A ship excavation is expected to reveal a "treasure trove" of items and stories from Europe's global trading history.
An international team of maritime archaeologists are diving, excavating and recording the wreck of Dutch ship the Rooswijk off the Kent coast. All 300 shipmen died when the vessel, carrying coins and silver ingots, sank on Goodwin Sands in January 1740.
Never before have any of the Dutch East India Company's 250 wrecks been scientifically excavated on this scale.
Historic England manages the protected site and is working with the Dutch government, which owns the ship's remains. It is only now, after more than 250 years, that the sands have shifted enough to unveil the wreckage.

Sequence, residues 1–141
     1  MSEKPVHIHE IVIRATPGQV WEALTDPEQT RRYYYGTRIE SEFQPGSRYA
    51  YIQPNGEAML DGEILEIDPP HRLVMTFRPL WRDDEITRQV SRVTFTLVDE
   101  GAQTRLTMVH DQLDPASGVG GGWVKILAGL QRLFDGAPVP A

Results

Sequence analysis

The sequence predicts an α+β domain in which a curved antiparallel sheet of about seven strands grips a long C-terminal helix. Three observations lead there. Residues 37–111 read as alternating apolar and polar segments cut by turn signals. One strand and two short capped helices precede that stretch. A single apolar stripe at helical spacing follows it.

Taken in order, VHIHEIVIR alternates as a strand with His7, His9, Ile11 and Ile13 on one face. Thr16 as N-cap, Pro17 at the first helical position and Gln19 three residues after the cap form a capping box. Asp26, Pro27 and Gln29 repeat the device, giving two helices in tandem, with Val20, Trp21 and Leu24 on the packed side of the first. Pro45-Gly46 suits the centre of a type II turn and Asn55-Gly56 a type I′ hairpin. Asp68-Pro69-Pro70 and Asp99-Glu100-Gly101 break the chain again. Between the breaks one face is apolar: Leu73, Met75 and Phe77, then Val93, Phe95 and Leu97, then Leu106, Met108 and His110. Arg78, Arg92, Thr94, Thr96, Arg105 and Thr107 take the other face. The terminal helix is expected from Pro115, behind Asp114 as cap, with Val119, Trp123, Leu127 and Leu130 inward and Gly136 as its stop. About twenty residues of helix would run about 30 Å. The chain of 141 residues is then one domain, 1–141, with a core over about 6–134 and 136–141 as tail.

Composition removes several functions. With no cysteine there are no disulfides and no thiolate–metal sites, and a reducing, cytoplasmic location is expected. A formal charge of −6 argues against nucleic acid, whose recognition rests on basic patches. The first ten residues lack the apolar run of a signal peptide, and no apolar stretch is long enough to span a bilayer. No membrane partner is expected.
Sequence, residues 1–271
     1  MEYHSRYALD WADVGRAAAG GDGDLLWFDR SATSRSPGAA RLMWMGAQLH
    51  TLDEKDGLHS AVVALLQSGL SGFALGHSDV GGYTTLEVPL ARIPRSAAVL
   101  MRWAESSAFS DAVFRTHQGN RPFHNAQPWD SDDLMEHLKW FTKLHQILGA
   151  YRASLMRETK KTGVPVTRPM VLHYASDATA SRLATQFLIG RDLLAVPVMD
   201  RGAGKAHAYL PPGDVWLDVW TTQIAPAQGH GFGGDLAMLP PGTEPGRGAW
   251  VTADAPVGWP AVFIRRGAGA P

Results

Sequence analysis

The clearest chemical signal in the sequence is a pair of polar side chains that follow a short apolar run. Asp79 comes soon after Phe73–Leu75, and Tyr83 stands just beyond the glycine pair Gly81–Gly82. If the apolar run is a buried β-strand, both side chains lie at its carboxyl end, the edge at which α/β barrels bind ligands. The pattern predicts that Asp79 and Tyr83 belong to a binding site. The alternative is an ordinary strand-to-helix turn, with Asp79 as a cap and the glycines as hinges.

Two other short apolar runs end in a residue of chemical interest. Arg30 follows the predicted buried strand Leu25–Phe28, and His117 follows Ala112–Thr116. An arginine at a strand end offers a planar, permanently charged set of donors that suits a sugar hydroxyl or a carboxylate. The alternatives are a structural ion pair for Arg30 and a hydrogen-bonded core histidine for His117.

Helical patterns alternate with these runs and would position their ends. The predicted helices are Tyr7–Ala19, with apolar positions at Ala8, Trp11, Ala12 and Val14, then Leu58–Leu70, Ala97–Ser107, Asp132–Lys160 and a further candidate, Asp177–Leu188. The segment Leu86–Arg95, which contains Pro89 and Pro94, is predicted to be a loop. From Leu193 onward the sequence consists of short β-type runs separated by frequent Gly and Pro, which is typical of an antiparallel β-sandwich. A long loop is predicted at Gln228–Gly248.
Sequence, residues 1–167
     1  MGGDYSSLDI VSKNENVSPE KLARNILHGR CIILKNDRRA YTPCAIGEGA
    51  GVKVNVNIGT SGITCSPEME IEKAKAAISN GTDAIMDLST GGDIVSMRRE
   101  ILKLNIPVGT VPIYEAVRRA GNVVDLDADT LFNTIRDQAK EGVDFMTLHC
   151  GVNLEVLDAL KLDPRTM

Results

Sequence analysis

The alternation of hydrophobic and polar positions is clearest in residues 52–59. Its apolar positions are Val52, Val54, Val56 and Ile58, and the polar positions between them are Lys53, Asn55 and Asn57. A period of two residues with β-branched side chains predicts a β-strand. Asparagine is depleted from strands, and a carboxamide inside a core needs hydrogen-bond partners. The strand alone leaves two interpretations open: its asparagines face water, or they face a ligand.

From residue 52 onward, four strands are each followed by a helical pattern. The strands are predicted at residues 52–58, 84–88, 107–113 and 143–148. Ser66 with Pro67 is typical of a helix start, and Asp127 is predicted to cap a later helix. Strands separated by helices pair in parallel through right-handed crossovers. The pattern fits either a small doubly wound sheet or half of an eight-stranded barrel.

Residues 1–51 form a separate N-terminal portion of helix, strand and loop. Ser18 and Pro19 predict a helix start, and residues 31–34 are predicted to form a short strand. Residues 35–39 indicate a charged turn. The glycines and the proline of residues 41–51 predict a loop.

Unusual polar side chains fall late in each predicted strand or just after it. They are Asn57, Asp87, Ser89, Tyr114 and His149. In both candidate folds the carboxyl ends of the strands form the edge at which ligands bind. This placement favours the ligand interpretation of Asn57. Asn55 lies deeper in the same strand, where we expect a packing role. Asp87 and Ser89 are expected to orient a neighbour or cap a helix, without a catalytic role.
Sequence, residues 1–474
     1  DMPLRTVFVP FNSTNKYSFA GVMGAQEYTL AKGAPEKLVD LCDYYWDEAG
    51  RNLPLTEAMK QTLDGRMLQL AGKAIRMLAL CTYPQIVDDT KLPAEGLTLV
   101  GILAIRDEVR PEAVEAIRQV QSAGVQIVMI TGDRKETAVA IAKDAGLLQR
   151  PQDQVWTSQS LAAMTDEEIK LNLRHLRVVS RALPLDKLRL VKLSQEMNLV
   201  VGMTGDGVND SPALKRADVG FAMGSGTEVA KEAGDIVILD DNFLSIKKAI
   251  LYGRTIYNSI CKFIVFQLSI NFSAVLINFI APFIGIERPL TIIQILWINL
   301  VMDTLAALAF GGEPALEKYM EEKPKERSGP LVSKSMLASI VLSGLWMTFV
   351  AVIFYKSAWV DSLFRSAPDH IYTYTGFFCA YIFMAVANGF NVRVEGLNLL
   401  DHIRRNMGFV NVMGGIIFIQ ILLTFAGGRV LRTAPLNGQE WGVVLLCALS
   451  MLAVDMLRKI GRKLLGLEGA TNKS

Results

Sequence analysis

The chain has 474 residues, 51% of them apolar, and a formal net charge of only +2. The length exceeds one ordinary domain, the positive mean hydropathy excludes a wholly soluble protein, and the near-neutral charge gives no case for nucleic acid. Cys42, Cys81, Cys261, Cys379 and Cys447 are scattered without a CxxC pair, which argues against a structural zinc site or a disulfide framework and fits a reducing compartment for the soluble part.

Some explorations were carried out last year and those finds are being showcased as part of the #Rooswijk1740 project, led and financed by the Cultural Heritage Agency of the Netherlands, with open days in Ramsgate between 19 August and 16 September.
They include a large seaman's chests, pewter jugs, ornately carved wooden knife handles and leather shoes.